Harris’ performance as an analyst on The Matrix Resurrections is one of the few innovations in a film that goes back to the original far too often.
WARNING: The following contains spoilers for The Matrix Resurrections, now in theaters and on HBO Max.
The first hour of The matrix resurrections plays out in a way eerily similar to the first one matrix Movie. Thomas Anderson, formerly Neo, finds himself in the Matrix and leads a life that seems uncomfortable and surreal. He questions his own reality and is freed from a free human city by a group of intrepid rebels. He meets Morpheus and Agent Smith, each with a new actor to portray them. It really seems like nothing has changed since 1999, and the film goes so far as to underline this by noting that “we are still telling the same stories that we have always told, just with different names and different Faces “.
The stark exception to this iteration is the Analyst, a character played by Neil Patrick Harris who was kept out of the spotlight in trailers. And for the first act of the film, he really does seem like nothing more than Neo’s therapist, a handler put in his way by the Matrix to make sure he doesn’t break away again. He convinces Neo that the events of the first three films were products of Thomas Anderson’s work as a game designer and that any deviations from reality he is now experiencing are products of “strong imaginations”. It is a different approach than Neo was originally locked in the matrix and speaks to different social norms.
Neo isn’t suppressed by the boring drudgery of ’90s corporate culture or government lawsuits. Instead, he is faced with manipulative gas lighting and the exploitative nature of modern capitalism’s habit of looking back rather than forward. And at the center of it all sits the analyst, harmless and benevolent. He even disappears from the movie until Neo returns to the Matrix to save Trinity. The aged protagonist takes on Agent Smith and a diverse group of exiles, but the real danger arises when the analyst returns, politely stepping between Neo and Trinity, almost completely changing his character.
Gone is the meek, polite doctor of yore, and in his place is Harris in all of his fluffy villain fame. It’s not a role that the actor is unfamiliar with Dr. Horrible Sing-Along Blog serves as a prime example of the exaggerated dramatic flair that Harris brings to his performance. He even gives a self-gratifying monologue, explaining to Neo that he and Trinity were resurrected because their closeness and captivity similarly keep the rest of the Matrix clueless. In contrast to his predecessor, the architect, the analyst defines himself through the study of human emotions.
There is an infamous chorus on the internet that may not be correct but is certainly ubiquitous: “Facts don’t care about your feelings.” The derogatory phrase is meant to demean the role of subjectivity and empathy in modern discourse, but it is exactly the same dichotomy that the analyst resorts to when explaining his modus operandi. He advocates the idea that people don’t care about facts; they care about their own feelings. He’s not trying to make things perfectly convincing. Instead, he puts what people want out of their reach so that they can strive for it while desperately clinging to what they have. And to illustrate his particularly harmful philosophy, he gives Neo an ultimatum. Either he can return to the Matrix or the analyst will kill Trinity. Neo must willingly subject himself to agony, otherwise the only thing he loves will be thrown against the rocks.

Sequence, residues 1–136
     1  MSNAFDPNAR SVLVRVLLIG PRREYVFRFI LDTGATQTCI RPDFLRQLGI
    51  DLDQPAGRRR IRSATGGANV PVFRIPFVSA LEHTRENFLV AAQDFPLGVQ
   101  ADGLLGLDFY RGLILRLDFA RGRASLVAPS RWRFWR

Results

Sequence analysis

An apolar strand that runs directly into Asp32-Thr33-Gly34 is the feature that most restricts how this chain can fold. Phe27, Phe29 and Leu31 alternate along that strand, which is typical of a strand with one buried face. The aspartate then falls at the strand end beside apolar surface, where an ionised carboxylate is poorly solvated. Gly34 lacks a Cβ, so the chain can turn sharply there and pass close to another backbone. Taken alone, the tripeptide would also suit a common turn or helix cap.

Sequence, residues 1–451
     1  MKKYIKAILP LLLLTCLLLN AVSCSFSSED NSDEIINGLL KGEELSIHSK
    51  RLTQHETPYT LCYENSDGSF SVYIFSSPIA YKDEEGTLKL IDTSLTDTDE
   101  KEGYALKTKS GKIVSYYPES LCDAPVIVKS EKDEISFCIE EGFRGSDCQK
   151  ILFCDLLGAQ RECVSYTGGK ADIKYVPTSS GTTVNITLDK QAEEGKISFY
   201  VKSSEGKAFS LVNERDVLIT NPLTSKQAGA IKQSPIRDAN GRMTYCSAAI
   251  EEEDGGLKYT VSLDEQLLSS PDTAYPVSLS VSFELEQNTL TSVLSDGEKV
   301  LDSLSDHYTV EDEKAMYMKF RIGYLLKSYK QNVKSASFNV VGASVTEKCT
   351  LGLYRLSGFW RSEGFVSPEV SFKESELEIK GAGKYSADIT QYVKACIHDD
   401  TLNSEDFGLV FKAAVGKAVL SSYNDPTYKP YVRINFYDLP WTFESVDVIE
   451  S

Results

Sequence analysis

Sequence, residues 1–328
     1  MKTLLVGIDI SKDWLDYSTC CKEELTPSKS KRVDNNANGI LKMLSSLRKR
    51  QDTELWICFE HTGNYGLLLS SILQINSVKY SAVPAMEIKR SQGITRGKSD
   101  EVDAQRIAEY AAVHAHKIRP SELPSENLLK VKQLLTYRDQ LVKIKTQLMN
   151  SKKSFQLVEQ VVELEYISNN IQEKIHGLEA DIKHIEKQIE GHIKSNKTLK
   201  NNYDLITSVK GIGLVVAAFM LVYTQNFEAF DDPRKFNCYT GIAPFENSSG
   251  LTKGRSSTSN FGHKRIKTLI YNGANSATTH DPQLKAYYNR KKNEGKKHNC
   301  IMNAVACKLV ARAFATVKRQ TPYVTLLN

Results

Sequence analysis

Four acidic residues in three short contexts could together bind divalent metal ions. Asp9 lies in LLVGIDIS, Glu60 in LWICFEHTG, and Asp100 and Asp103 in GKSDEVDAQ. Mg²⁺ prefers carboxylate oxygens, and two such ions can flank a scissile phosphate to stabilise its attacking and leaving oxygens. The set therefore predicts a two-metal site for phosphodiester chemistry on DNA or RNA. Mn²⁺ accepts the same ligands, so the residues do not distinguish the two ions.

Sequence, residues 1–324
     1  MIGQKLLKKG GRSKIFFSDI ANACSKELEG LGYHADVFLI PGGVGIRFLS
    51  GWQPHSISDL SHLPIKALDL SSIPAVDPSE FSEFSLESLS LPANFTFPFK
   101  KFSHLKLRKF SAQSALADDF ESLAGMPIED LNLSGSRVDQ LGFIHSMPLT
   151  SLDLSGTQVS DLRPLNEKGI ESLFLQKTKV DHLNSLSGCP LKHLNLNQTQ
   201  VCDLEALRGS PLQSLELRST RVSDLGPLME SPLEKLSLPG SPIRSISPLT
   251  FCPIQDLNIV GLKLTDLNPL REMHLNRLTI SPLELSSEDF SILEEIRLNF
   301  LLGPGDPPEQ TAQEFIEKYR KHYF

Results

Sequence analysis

There is also the power that makes the analyst monologue so effortlessly possible without having to worry about a fist in the face: bullet time. He moves around and rattles his wicked plan “faster than” [Neo] can blink. “It’s a force that makes perfect sense to a digital enemy, and gives them an ironic kind of danger that the film directly highlights. While other Matrix antagonists like Smith or a machine army might come face-to-face with Neo, The analyst relies more on deception and diversion and uses Neo’s strengths, be it bullet time or his love for Trinity, and uses them against him.
Casting Jonathan Groff as Smith’s new agent was a wise decision. The actor does an excellent job of portraying the same unobtrusive malevolence as Smith, but also gives the character something entirely their own. But leaving him as the only villain wouldn’t have worked, and that’s why the film needs the analyst. It already feels like a makeover of the first film with a similar premise and plot structure. Context may have changed, but that’s not enough to warrant an entire separate film. It is Harris as the analyst who makes it seem like another story, embodying how the world has changed since Neo’s first appearance. He is the voice of the flimsy, manipulative and self-gratifying evil that people today face in their daily lives. And it is his ultimate downfall that shows that it is still worth fighting for the ideals of the neo-champions.
To see the analyst steal the show, The Matrix Resurrections is now in theaters and is streamed on HBO Max.
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